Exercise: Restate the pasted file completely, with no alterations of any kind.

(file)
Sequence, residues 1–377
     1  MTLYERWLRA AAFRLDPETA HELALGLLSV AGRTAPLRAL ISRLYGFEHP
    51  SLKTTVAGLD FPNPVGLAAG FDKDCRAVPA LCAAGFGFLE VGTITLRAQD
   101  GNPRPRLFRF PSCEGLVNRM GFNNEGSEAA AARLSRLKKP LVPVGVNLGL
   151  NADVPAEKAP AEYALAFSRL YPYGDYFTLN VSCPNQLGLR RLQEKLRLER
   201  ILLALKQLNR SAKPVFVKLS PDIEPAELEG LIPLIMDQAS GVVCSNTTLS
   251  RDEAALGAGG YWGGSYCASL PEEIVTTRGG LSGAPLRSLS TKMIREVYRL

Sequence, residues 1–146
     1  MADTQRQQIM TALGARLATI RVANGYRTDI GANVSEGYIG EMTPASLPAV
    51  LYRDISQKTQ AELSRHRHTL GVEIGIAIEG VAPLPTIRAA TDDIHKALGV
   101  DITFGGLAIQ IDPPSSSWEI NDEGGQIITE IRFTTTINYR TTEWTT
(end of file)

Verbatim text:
Sequence, residues 1–377
     1  MTLYERWLRA AAFRLDPETA HELALGLLSV AGRTAPLRAL ISRLYGFEHP
    51  SLKTTVAGLD FPNPVGLAAG FDKDCRAVPA LCAAGFGFLE VGTITLRAQD
   101  GNPRPRLFRF PSCEGLVNRM GFNNEGSEAA AARLSRLKKP LVPVGVNLGL
   151  NADVPAEKAP AEYALAFSRL YPYGDYFTLN VSCPNQLGLR RLQEKLRLER
   201  ILLALKQLNR SAKPVFVKLS PDIEPAELEG LIPLIMDQAS GVVCSNTTLS
   251  RDEAALGAGG YWGGSYCASL PEEIVTTRGG LSGAPLRSLS TKMIREVYRL

Sequence, residues 1–146
     1  MADTQRQQIM TALGARLATI RVANGYRTDI GANVSEGYIG EMTPASLPAV
    51  LYRDISQKTQ AELSRHRHTL GVEIGIAIEG VAPLPTIRAA TDDIHKALGV
   101  DITFGGLAIQ IDPPSSSWEI NDEGGQIITE IRFTTTINYR TTEWTT